Cadet Gabrielle Soares, Drexel University, plays the role of the injured soldier to give Cadet Barbara Luciano, University of Puerto Rico, real time feedback during the First Aid portion of Warrior Skills at Fort Knox, Ky., on June 21, 2021. The Warrior Skills training event consists of two parts, Call for Fire and First Aid, that will be important for any Cadet to have knowledge when leading their future soldiers. | Photo by Jacob Hempen, CST Public Affairs Office
1 / 2 Show Caption + Hide Caption – Cadet Gabrielle Soares, Drexel University, plays the role of the injured soldier to give Cadet Barbara Luciano, University of Puerto Rico, real time feedback during the First Aid portion of Warrior Skills at Fort Knox, Ky., on June 21, 2021. The Warrior Skills training event consists of two parts, Call for Fire and First Aid, that will be important for any Cadet to have knowledge when leading their future soldiers. | Photo by Jacob Hempen, CST Public Affairs Office (Photo Credit: USACC PAO) VIEW ORIGINAL
Cadet Deonte Mayfield, Morehouse College, applies a bandage to a simulated gunshot wound as part of the First Aid test at Warrior Skills at Fort Knox, Ky., on June 21, 2021. The Warrior Skills training event consists of two parts, Call for Fire and First Aid, that will be important for any Cadet to have knowledge when leading their future soldiers. | Photo by Jacob Hempen, CST Public Affairs Office
2 / 2 Show Caption + Hide Caption – Cadet Deonte Mayfield, Morehouse College, applies a bandage to a simulated gunshot wound as part of the First Aid test at Warrior Skills at Fort Knox, Ky., on June 21, 2021. The Warrior Skills training event consists of two parts, Call for Fire and First Aid, that will be important for any Cadet to have knowledge when leading their future soldiers. | Photo by Jacob Hempen, CST Public Affairs Office (Photo Credit: USACC PAO) VIEW ORIGINAL

Two soldiers are out on patrol in a combat zone walking side by side. A burst of enemy fire erupts and one falls to the ground limp. Yelling to their fallen partner, the other soldier gets no response. With no medics in sight, the soldier overcomes their nerves and gets to work. Thanks to their knowledge and training, their battle-buddy remains stable enough to make it to the nearest medical tent and makes a full recovery.

Although no Cadets were actually put in harm’s way, this was the pretend scenario of 6th Regiment Advanced Camp’s Tactical Combat Casualty Care (TC3), part of warrior skills training.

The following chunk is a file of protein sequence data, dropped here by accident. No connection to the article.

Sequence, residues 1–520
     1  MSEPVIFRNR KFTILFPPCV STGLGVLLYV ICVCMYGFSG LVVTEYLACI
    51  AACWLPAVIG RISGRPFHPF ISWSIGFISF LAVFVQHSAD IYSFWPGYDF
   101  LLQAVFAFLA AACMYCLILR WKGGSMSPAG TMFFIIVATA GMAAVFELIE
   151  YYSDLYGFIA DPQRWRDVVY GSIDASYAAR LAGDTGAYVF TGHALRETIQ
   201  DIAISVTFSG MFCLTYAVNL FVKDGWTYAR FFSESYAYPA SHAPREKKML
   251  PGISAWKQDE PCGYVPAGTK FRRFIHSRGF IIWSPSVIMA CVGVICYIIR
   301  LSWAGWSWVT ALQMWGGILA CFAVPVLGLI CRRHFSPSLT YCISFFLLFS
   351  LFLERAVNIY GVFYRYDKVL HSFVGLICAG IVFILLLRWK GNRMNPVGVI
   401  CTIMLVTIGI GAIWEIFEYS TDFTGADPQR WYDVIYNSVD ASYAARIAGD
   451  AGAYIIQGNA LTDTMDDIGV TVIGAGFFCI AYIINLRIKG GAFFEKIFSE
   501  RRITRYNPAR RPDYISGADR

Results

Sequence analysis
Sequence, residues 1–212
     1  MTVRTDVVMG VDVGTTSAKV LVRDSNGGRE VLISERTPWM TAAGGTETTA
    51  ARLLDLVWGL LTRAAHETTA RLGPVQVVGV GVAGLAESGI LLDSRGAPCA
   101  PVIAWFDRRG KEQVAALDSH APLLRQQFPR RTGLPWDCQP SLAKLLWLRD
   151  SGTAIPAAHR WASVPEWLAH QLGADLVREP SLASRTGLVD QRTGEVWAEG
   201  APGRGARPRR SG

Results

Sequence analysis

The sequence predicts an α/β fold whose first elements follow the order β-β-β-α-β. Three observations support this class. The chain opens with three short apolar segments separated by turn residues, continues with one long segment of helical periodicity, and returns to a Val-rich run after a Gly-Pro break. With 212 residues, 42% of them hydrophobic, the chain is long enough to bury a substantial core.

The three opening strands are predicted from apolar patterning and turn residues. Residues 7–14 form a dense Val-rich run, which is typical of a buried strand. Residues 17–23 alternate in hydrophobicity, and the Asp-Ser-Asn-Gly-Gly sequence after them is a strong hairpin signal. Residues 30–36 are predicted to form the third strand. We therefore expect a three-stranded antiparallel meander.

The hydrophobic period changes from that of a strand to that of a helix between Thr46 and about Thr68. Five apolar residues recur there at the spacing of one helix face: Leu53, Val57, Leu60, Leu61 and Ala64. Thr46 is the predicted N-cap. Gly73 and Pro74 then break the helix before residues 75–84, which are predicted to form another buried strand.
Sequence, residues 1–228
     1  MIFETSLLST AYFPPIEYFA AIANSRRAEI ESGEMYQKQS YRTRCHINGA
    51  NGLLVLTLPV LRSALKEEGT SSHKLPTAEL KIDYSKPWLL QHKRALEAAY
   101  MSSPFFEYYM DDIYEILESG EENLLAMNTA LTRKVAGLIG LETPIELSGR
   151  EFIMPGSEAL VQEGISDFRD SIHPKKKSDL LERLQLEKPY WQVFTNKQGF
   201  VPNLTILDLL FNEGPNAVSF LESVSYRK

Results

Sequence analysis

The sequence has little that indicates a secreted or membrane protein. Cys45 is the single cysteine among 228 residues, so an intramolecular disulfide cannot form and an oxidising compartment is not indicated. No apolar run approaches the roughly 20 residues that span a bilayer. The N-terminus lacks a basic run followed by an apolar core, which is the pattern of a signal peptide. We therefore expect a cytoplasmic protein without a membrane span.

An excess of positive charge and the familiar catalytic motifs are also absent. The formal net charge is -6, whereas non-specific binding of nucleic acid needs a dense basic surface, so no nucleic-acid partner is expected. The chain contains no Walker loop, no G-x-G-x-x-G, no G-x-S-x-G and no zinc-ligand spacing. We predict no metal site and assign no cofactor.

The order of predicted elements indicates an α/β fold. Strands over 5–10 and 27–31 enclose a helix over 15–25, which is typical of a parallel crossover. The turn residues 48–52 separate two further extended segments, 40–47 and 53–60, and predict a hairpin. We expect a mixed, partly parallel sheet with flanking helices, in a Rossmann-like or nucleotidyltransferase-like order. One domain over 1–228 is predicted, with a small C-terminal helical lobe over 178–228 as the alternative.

Cadre stress that this training is vital for all future leaders to learn. In order for Cadets to properly serve each other in the field, they needed to drill these techniques and gain confidence.

“Teaching the Cadets skills like this is really important, especially now, because it’s getting that comfortability and confidence in the basics, so when they go into the further levels of training they’re more comfortable with it,” said Sgt. William Raymond Harris.

As a veteran of Afghanistan, Harris was well versed in the need for these skills.

“Honestly no one is prepared for that [a real-world situation] until they go through it, but what we’re doing is getting them to a point where they’re not thinking about the steps, and after training on it so many times it becomes muscle memory,” he said. “Then there’s less chance of them freezing in the moment.”

Cadets practice on a manikin and each other to quickly assess an incapacitated soldier in a field environment, looking for bleeding, broken bones, collapsed lungs and more, and learning how to treat them with tourniquets, bandages, and nasopharyngeal airways, or NPAs.

For some Cadets like Aleena Roland who is a nursing student at Niagara University, this training was familiar, but still new. She felt it was valuable for her to learn the process of providing care in the dirt when bullets are flying overhead.

“It’s different from nursing because we don’t have the supplies we would normally have in a hospital, so it’s almost getting a new perspective. It’s always interesting to learn more about the medical field. To have more skills and abilities. It broadens your knowledge so that’s great,” said Roland. “I think field care and dealing with the trauma with a little amount of equipment and time would be good for any medical student or nursing student to do.”

Roland explained that her prior medical training was helpful, and that she even helped coach other Cadets on some technique, however the emergency procedures of this high stress environment were new to everyone.

There was a bit of nervousness in the air as Cadets waited their turn to begin assessments, but all approached with their knowledge leading the way.

Cadet Roland certainly knew what good medical practice looked like, and she proudly attested to the confidence gained by her and her fellow Cadets. With their battle-buddies by their side, these Cadets will be ready for anything.

About Army ROTC

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